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Quality In Design Tool
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Quality in Construction Design Best Practice Tool.

  • Publish Date: Posted 7 months ago

World Quality Week 2023: Shirley Parsons Senior Associate David Myers explains why Shirley Parsons Project Services have become experts in the use of the Quality in Design Tool, in order to reduce risk and cost on construction projects.


​Poor quality in construction projects is a huge problem. Analysis by GIRI (Get It Right Initiative, a group of industry experts, organisations and businesses dedicated to eliminating error and improving the UK construction industry) showed that:

1) The average construction project overruns its budget by 20% with worst case examples being 300-400%. In the UK this amounts to £20B+ per year.

2) Of the errors creating this cost and time overruns, over 50% can be traced back to the design stages of a project.

Note also that the associated re-work, creates health and safety risks up to 10 times as great as the original work. (Research results from the US and Australian academics)

Control of quality during the design phases of a project is crucial to minimise risk of project cost overruns and time slippages.

Deployment of the Quality in Construction Design tool summarised below can provide the competitive edge that clients and contractors need to maximise the returns to their businesses – reduce overruns and improve safety.

Hatching the design tool to manage risk.

The tool was developed between 2016 and 2020 by construction Quality experts from around the world, including a major UK infrastructure client, the CQI and quality representatives from US and Australian quality bodies. It was developed because although most projects measure the quality of projects during the delivery phase, very few had any metrics for controlling the overall design stages.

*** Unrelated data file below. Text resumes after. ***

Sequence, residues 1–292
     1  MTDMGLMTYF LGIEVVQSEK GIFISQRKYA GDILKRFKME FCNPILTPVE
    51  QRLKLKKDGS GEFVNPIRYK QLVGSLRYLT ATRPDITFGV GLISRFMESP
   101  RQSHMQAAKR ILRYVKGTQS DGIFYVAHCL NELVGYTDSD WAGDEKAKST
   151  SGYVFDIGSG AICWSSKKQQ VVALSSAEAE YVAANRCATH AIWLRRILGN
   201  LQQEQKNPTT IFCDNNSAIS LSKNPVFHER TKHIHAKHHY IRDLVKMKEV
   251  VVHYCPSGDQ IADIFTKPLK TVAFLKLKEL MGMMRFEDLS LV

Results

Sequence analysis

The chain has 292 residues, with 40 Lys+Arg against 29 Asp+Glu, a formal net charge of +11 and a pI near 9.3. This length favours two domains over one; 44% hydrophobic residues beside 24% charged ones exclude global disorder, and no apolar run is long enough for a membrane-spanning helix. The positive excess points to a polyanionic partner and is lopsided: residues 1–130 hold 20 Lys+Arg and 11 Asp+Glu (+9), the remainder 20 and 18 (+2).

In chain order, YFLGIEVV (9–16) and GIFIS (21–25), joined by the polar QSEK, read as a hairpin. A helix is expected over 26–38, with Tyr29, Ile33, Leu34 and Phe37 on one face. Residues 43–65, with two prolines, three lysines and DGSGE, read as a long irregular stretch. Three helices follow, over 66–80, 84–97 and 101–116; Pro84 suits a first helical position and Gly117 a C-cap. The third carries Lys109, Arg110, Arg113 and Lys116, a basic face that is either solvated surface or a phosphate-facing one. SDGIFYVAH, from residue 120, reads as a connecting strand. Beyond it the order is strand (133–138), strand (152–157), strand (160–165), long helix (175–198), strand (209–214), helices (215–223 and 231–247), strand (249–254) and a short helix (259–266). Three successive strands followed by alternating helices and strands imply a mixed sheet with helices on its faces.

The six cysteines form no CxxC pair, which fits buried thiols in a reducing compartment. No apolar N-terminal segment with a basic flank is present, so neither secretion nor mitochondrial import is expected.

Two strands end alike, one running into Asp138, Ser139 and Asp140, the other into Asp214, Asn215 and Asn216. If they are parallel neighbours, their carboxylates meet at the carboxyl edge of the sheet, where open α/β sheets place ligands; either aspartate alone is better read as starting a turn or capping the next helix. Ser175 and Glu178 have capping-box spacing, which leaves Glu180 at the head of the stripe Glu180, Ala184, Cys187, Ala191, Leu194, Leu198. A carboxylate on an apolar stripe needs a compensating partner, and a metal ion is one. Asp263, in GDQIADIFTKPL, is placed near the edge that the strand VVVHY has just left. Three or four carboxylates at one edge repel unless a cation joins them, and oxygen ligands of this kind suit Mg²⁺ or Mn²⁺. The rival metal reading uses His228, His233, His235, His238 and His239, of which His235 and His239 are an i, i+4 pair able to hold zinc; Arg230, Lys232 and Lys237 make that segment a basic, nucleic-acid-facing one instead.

The authors considered that a tool that sets out best practice and measures degree of conformance to it would, if used properly, would go a long way to preventing construction design failures.

Typical design process on construction projects.

Construction design commonly occurs in two main stages: Concept design and Developed design (as defined by UK’s Royal Institute of British Architects; sometimes these are called the Options and Scheme design stages).

How is the ‘Quality in Construction Design Best Practice Tool’ implemented on a project?

The Tool should be used during the Concept Design and Developed Design stages of a project starting at the business case approval gateway phase. That is, a client/owner has decided that an idea should be explored and set aside the necessary funds to develop a more detailed proposal.

At the end of the Concept stage, there may be a Recommended Options Approval Gateway before the commencement of the Developed Design Stage. On lower risk projects, this may also include funding for the entire project.

At the end of the Developed Design Stage, it is likely that a more detailed cost and schedule would be used to seek approval for the funding of the entire project. After this (and not covered by this guidance Tool) the project would move to production design, delivery stages and then to handover and operations/maintenance.

The Best Practice Tool is simple and easy to use. The tool requires a project team meeting of key players that takes less than half a day per design stage to complete. Thus, it is low overhead and easy to deploy. The tool does not seek to instruct the project team on what it needs to do but instead highlights all risks to delivery so that plans can be made to minimise the risk of the delivery.


Quality in Design Tool was used with a few complimentary initiatives and played a key role responsible for a 5-year package of work being delivered with lower cost and timing overruns than had been possible in the prior period. Thus, it supported a reduction of delivery costs of up to £300M over the 5-year period.

It enables clients and project teams to measure better, control and monitor the quality of design in the early project stages - leading to significant cost avoidance, timely delivery, and enhanced reputations, all critical to overall project success.


The Tool has received strong support already. Senior professionals from the Institute of Civil Engineers (ICE), and the Get It Right Initiative; this will involve other major bodies such as Institute of Builders, Association of Design Management, Highways England, and Network Rail . GIRI are also going to seek clients to use the tool as early adopters. If successful, that will generate excellent feedback and data.

The North American ASQ’s Construction Division has endorsed the tool. Shirley Parsons Project Services have become experts in the use of this tool to reduce risk, and thus costs, on construction projects.

Paul Rigby, Shirley Parsons Quality Manager

To find out more about how Shirley Parsons can help you and your organisation, contact Paul Rigby below: